26. Saiia, D. H.: 2001, 'Philanthropy and Corporate Citi-zenship: Strategic Philanthropy Is Good Corporate Citizenship', The Journal of Corporate Citizenship 2, 57–74.Google Scholar
  27. Saiia, D. H., A. B. Carroll and A. K. Buchholtz: 2003, 'Philanthropy as Strategy: When Corporate Charity "Begins at Home", Business and Society 42(2), 169–201.Google Scholar
  28. Shaw, P.: 1999, 'Re-creating Communities: Business, The Arts and Regeneration, London', Arts & Business.Google Scholar
  29. Smith, C.: 1994, 'The New Corporate Philanthropy', Harvard Business Review 1994, 105–116.Google Scholar
  30. Unerman, J.: 2000, 'Reflections on Quantification in Corporate Social Reporting Content Analysis', Accounting, Auditing and Accountability Journal 13(5), 667–680.Google Scholar
  31. Useem, M.: 1984, The Inner Circle (Oxford University Press, New York).Google Scholar
  32. Useem, M.: 1991, 'Corporate Funding of the Arts in a Turbulent Environment', Nonprofit Management & Leadership 1(4), 329–343.Google Scholar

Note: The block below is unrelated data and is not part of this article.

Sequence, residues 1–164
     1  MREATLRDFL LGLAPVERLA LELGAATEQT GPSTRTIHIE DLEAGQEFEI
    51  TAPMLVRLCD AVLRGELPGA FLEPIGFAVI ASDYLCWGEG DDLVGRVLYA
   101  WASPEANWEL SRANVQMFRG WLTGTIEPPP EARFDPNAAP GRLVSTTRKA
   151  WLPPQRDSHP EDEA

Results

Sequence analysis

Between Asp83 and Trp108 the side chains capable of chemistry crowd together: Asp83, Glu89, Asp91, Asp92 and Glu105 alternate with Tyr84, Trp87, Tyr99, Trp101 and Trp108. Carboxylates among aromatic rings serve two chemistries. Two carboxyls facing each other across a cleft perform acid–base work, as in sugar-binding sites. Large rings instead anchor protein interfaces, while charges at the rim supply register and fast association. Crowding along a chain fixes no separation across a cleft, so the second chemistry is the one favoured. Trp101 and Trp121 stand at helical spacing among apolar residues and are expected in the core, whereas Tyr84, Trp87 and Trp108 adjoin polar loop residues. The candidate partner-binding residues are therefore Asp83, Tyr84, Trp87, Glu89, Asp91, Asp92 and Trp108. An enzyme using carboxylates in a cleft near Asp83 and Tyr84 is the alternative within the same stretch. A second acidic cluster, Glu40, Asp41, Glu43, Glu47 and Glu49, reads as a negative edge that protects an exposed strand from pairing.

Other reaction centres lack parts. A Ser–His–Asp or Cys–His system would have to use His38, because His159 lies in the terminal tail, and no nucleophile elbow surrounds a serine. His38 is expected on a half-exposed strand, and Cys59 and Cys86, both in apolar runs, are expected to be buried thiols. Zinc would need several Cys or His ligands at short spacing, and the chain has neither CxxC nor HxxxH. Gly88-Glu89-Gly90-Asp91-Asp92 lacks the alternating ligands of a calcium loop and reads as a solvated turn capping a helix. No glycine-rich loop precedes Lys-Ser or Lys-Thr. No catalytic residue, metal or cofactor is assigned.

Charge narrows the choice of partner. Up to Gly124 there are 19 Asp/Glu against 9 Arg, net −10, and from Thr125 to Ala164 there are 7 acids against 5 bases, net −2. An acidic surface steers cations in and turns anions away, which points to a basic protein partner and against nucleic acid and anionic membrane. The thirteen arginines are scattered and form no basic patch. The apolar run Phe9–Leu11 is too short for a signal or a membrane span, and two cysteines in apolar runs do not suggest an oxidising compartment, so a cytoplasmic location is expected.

33. Wolfe, R.: 1991, 'The Use of Content Analysis to Assess Corporate Social Responsibility', Research in Corporate Social Performance and Policy 12, 281–307.Google Scholar
  34. Young, D. R. and D. F. Burlingame: 1996, 'Paradigm Lost. Research Toward a New Understanding of Corporate Philanthropy', in D. F. Burlingame and D. R. Young (eds.), Corporate Philanthropy at the Crossroads (Indiana University Press, Bloomington), pp. 158–176.Google Scholar
  35. Ze´ghal, D. and S. A. Ahmed: 1990, 'Comparison of Social Responsibility Information Disclosure Media Used by Canadian Firms', Accounting, Auditing and Accountability Journal 3(1), 38-53.Google Scholar

Copyright information

© Kluwer Academic Publishers 2004

Authors and Affiliations

  • Lance Moir
    • 1
  • Richard Taffler
    • 1
  1. 1.Cranfield School of ManagementCranfield UniversityMKU.K

Personalised recommendations